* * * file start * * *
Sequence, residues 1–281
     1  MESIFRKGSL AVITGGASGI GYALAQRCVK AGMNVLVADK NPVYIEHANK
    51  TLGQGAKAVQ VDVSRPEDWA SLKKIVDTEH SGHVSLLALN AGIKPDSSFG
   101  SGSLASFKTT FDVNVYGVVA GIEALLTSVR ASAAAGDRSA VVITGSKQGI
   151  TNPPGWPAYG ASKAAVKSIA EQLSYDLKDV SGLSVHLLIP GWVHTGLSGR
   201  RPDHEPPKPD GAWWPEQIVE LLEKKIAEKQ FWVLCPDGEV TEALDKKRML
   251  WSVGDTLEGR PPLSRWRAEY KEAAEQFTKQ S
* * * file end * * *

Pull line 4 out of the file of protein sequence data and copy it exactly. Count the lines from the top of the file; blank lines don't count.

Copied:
   101  SGSLASFKTT FDVNVYGVVA GIEALLTSVR ASAAAGDRSA VVITGSKQGI